Coin Community Family of Web Sites
Like us on Facebook! Subscribe to our Youtube Channel! Check out our Twitter! Check out our Pinterest!
Save Password
Forgot your Password?

Welcome Guest! Need help? Got a question? Inherit some coins?
Our coin forum is completely free! Register Now!

Coronet And Braided Hair Cents - Physical Attributes

To participate in the forum you must log in or register.
Author Previous Topic Topic Next Topic  
New Member
United States
7 Posts
 Posted 01/22/2020  09:05 am Show Profile   Bookmark this topic Add Buffalo78 to your friends list Get a Link to this Message
So I always weigh and check diameter and thickness of all coins I acquire. These stats are documented in a self developed spreadsheet. I do this to help assure authenticity of my acquisitions. I perform this even for common, low value coins as it gives me additional statistics for comparison purposes. It is very interesting as I can see some very direct correlations between weight and grades, especially with Morgans meaning I have a pretty good idea of what an authentic VG Morgan should weigh compared to mint specifications of the coin. I have found there to be a lot of variation in the Large Cents between 1816 and 1857. I have not found a lot of information but have seen where the mint was not nearly as stringent with the specifications of the blanks. Does anyone have much background/knowledge on this? I believe the RedBook even lists a diameter range for the Coronet Cents at 28-29 mm. I am asking this as I have two large cents that are just weighing less than I would expect and I do not see a clear correlation in diameter or thickness. They have me a bit concerned. Here is a snippet from my spreadsheet.

The two coins in question are the 1821 and 1822. The weight of the 1821 may be explained by the slightly smaller diameter but the 1822 has me perplexed. I will post a couple of photos when I have a chance but I was curious if anyone else had experience with the variation of the physical attributes of these large cents?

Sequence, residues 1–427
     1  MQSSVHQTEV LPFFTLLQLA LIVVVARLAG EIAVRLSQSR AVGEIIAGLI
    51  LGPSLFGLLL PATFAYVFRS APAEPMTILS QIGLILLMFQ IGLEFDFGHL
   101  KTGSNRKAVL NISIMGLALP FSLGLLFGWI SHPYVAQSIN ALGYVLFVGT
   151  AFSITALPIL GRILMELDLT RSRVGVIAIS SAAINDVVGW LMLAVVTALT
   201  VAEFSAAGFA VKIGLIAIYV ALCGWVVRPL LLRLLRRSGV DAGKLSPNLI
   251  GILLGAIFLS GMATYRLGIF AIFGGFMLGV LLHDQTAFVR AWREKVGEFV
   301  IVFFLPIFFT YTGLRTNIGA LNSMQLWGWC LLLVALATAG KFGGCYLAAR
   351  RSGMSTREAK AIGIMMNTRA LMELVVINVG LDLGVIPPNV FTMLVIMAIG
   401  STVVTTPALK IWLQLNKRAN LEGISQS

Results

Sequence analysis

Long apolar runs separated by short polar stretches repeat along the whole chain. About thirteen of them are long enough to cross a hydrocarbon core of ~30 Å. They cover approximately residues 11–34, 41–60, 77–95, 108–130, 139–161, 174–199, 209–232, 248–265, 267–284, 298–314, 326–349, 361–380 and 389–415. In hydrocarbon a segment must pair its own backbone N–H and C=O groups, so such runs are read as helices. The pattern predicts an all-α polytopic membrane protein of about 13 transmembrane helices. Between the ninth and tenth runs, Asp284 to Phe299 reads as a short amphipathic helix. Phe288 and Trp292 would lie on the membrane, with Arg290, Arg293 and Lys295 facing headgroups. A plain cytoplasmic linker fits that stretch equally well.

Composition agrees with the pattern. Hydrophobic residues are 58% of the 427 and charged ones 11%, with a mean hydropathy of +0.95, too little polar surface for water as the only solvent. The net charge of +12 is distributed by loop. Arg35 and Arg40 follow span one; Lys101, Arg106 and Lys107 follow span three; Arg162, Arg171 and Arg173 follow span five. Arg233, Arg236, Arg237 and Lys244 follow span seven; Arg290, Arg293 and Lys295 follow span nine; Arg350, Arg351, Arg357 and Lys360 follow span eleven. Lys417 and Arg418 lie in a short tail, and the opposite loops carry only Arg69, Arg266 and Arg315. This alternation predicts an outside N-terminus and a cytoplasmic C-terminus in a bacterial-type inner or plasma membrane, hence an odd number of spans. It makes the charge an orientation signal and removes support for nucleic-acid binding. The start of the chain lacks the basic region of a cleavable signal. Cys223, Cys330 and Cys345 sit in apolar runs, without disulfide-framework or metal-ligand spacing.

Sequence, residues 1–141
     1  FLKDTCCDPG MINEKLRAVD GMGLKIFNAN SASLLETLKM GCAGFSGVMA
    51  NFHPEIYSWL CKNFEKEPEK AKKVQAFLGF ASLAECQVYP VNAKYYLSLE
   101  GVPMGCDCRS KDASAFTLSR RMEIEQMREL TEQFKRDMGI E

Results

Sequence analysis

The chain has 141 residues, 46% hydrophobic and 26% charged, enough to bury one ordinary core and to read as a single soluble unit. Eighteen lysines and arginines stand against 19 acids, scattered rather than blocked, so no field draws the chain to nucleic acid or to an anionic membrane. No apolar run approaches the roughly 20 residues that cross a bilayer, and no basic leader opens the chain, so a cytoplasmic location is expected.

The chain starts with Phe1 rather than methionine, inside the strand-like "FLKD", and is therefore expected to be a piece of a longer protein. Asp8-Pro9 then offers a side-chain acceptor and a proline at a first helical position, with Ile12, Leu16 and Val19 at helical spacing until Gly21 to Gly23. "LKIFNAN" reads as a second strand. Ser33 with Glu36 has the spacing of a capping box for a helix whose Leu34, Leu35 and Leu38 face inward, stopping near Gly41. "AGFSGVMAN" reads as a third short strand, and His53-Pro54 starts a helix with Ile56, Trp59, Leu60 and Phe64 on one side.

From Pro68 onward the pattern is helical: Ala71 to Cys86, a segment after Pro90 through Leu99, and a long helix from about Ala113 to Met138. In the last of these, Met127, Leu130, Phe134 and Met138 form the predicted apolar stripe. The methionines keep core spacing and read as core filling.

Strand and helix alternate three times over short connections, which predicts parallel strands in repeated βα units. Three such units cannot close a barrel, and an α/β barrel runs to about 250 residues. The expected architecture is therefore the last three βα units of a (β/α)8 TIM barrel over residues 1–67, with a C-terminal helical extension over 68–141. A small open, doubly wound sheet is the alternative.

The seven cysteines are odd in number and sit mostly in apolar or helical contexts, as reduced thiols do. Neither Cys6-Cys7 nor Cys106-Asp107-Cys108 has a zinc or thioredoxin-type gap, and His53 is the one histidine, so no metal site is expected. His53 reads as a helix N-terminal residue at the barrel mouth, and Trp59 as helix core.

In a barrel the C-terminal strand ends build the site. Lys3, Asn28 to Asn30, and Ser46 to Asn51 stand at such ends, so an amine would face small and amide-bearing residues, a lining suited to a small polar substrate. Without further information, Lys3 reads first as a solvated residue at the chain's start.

Bedrock of the Community
United States
32626 Posts
 Posted 01/22/2020  09:17 am  Show Profile   Bookmark this reply Add John1 to your friends list Get a Link to this Reply
to CCF. I know the mit has a tolerance they consider normal. 10.89 grams is normal
Don't know if that helps you or not.
( I'm no pro, it's just my humble opinion )
Searched 5+ Million Cents Since 1971
Bedrock of the Community
United States
16319 Posts
 Posted 01/22/2020  11:39 am  Show Profile   Bookmark this reply Add Conder101 to your friends list Get a Link to this Reply
Gold and silver, being precious metals and until 1837 strictly owned by depositors, had strict tolerance ranges. This was also needed because the coins contained their full face value in metal value. Copper on the other hand was coined for government account and while the intrinsic value was intended to be fairly close to the face value there was a built in seigniorage profit built in. This profit, in theory, was to be enough to pay the expenses of the mint. For this reason while the cent planchets had a specified weight, until 1837 there was no official tolerance range for copper coins. These coins were struck without a restraining collar so the diameters vary depending on the annealing of the planchets and the force of the strike. And since the strike was controlled by the force applied by the swinging of the arm of the screw press coining workmen every coins strike force varied. Hence the diameters varied. Why the unusual low weight for your 1821 and 22 I can't say, unless possibly the mint may have been trying to source a second supplier of planchets at the time. I know Boulton & Watt was the main supplier of copper planchets at the early mint after 1796, I do know they were trying some other suppliers in the 20's and 30's but at the moment I can't say if they did so in 1821,22 or not.
Gary Schmidt
New Member
United States
7 Posts
 Posted 01/22/2020  12:55 pm  Show Profile   Bookmark this reply Add Buffalo78 to your friends list Get a Link to this Reply
Thank you Conder 101. That is good background info. I know that most publications report 10.89 as the standard weight, but I have seen a tremendous amount of variation to that.
  Previous Topic Topic Next Topic  
To participate in the forum you must log in or register.

Coin Community Member eBay Sales

Certified Coins   Certified VAMs   Certified Errors  

Disclaimer: While a tremendous amount of effort goes into ensuring the accuracy of the information contained in this site, Coin Community assumes no liability for errors. Copyright 2005 - 2020 Coin Community Family- all rights reserved worldwide. Use of any images or content on this website without prior written permission of Coin Community or the original lender is strictly prohibited.
Contact Us  |  Advertise Here  |  Privacy Policy / Terms of Use

Coin Community Forum © 2005 - 2020 Coin Community Forums
It took 0.41 seconds to rattle this change. Powered By: Snitz Forums 2000 Version 3.4.05